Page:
by Caroline

My children have been to Paris four times.

I have to pause after writing that sentence. My children have been to Paris four times? How did that happen? How did they get so lucky?

Well, first there was the wonderful boat trip, a week exploring rivers and canals in southwestern France, that my parents took us all on to celebrate their 50th anniversary. Tony and I considered the consequences of jetlagged children in a confined space and (twist our arms) decided to stop in Paris first. Subsequent summers brought my sister teaching in Oxford, a friend living temporarily in Portugal, other friends on sabbatical in Paris and– through it all — a convenient nonstop flight from San Francisco to Paris bringing us closer to people we love. So now here I am, the mother of two children who have a fair amount of experience in the City of Light.

The City of Cheese,” Ben might say, with a grimace. “The City of Sauces,” Eli might add, shuddering.

It seems churlish to complain, but the world’s food capital doesn’t do very well by my vegetarian family. And honestly, that’s ok with me; we eat what we eat and don’t expect people — or countries — to accomodate our habits. But it has made staying in beautiful Paris a little more difficult than it might be for families whose kids will happily tuck into steak frites or a cheese crepe. We find ourselves challenged in a city where restaurants don’t want to make adjustments to the dishes on the menu (just try ordering plain pasta!) and don’t like to accomodate a child who can’t make it through a full three-course meal. In one of my favorite small guides to the city, Karen Uhlmann’s Paris for Kids, she writes, “I use my museum method for taking children to dinner in Paris (one museum, then one park): One pasta night for you; one bistro night for me.” She then goes on to describe her children eagerly trying duck for the first time (and loving it) or a place that offers an oyster ice cream that her children are still talking about (I bet they are!) I aspire to her experience, and keep her recommendations on the shelf for a time when my kids have expanded their palates.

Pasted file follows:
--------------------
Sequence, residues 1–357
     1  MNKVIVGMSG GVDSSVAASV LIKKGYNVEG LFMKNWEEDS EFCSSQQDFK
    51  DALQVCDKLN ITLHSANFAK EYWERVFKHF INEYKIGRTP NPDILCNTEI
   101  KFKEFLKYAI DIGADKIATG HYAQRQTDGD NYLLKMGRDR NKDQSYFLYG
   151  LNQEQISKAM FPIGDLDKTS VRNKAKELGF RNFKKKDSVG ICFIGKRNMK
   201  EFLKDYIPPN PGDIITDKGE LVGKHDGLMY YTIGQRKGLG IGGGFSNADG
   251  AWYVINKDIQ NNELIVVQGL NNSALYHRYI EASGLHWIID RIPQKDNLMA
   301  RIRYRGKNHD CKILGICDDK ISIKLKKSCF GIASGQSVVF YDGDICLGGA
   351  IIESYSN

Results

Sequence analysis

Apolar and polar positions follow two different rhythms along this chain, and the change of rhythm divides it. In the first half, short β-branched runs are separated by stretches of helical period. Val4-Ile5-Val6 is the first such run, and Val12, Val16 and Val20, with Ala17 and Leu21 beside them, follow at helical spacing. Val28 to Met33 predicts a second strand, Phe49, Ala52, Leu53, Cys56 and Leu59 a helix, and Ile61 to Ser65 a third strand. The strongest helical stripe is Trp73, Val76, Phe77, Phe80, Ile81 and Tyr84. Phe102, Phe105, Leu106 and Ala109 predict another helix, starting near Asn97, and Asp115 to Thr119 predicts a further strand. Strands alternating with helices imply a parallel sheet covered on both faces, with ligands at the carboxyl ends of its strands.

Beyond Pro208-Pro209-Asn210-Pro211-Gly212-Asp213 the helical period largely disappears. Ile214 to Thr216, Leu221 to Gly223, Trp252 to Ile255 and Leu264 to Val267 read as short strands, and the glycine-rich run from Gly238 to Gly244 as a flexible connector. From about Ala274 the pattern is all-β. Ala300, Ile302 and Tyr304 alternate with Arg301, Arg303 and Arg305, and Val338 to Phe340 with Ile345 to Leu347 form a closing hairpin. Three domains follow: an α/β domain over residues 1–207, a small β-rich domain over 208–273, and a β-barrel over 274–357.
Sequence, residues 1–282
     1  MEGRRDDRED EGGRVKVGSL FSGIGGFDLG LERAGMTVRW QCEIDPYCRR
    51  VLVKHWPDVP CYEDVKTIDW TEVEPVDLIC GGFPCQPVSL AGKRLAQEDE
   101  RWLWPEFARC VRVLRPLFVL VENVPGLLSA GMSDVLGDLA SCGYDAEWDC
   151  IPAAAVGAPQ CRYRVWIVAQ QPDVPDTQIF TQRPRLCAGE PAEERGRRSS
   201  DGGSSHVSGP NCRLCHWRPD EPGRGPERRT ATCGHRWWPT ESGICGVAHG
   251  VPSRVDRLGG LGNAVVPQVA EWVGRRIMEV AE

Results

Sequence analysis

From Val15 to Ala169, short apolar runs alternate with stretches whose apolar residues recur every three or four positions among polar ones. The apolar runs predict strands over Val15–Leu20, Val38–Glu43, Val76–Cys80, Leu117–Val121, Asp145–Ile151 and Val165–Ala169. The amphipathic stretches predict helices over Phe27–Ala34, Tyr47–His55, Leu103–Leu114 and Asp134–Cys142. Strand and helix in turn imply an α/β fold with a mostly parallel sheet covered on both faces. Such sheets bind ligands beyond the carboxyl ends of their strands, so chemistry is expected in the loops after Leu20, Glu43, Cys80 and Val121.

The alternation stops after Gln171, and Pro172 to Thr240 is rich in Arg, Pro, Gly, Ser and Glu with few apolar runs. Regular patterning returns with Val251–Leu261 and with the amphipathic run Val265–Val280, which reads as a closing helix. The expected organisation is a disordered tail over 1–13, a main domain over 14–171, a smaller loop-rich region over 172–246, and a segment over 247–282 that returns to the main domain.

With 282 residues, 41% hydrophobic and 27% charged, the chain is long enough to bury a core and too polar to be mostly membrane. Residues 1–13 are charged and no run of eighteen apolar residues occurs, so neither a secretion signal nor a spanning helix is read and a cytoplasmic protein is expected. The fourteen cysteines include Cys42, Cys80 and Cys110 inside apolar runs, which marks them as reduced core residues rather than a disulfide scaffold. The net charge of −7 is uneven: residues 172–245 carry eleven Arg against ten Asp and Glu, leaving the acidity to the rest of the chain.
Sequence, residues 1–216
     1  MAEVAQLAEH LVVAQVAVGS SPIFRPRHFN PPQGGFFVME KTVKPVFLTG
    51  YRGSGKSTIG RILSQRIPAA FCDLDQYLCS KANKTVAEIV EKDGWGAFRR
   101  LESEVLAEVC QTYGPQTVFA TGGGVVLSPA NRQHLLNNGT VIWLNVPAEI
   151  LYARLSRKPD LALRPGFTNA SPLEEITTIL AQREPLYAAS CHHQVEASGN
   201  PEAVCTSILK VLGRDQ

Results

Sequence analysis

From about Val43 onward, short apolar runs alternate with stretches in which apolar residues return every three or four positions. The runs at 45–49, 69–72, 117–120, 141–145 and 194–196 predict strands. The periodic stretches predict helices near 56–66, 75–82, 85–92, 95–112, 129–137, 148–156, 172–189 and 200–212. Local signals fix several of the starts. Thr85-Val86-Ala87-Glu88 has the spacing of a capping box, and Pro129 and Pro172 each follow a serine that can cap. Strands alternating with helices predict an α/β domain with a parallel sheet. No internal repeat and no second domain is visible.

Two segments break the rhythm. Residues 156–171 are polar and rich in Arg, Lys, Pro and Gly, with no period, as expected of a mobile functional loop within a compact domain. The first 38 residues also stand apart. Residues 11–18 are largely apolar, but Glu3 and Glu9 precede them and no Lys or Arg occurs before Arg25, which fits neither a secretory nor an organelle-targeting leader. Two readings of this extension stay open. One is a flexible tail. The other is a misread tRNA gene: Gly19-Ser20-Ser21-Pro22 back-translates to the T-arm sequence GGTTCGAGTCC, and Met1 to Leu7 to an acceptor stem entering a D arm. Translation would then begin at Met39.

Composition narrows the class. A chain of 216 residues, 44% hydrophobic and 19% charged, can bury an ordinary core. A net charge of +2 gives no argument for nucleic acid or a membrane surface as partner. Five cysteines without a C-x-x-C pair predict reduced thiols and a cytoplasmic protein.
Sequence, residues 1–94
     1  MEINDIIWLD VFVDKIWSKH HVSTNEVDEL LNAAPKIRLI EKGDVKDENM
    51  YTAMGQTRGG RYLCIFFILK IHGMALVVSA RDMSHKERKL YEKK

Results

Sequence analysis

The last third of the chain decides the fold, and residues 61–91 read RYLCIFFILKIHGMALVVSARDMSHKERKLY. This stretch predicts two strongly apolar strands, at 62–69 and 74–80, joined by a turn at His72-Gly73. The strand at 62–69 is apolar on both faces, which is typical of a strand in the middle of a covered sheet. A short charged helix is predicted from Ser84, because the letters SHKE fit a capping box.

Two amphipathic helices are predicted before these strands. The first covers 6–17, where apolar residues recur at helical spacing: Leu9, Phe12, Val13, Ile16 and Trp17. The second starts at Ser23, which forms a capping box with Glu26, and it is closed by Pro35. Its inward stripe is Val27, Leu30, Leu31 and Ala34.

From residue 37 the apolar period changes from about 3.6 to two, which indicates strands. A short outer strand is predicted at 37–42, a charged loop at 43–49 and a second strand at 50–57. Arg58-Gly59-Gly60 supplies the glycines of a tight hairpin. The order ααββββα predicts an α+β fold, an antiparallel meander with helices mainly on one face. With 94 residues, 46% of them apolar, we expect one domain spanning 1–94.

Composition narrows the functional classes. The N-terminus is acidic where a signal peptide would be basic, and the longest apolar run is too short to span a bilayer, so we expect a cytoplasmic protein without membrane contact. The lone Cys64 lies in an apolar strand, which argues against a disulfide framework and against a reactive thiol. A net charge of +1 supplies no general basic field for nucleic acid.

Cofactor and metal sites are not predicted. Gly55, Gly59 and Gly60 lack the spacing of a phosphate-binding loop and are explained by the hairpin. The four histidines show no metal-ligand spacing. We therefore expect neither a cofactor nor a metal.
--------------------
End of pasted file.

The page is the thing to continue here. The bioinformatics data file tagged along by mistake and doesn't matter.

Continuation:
For now, since Parisiens don’t expect (and don’t really want) children at restaurants, we make like Parisien families and try to stay out of them. In the past, we’ve rented apartments and cooked for ourselves, using the glorious produce available in the various markets. But this year, we weren’t staying in Paris long enough to justify an apartment. We didn’t pack food; we stayed in a hotel. It offered a spectacular breakfast buffet that kept us going for hours; we ate salads from the wonderful Monoprix for lunch; and then we collapsed in the hotel while Tony fetched us take-out for dinner. We wound up eating a lot of Italian and (perhaps weirdly) sushi in Paris, and it worked out just fine.

Our hotel picnic dinners gave us some nice downtime together before we headed back out into the beautiful night.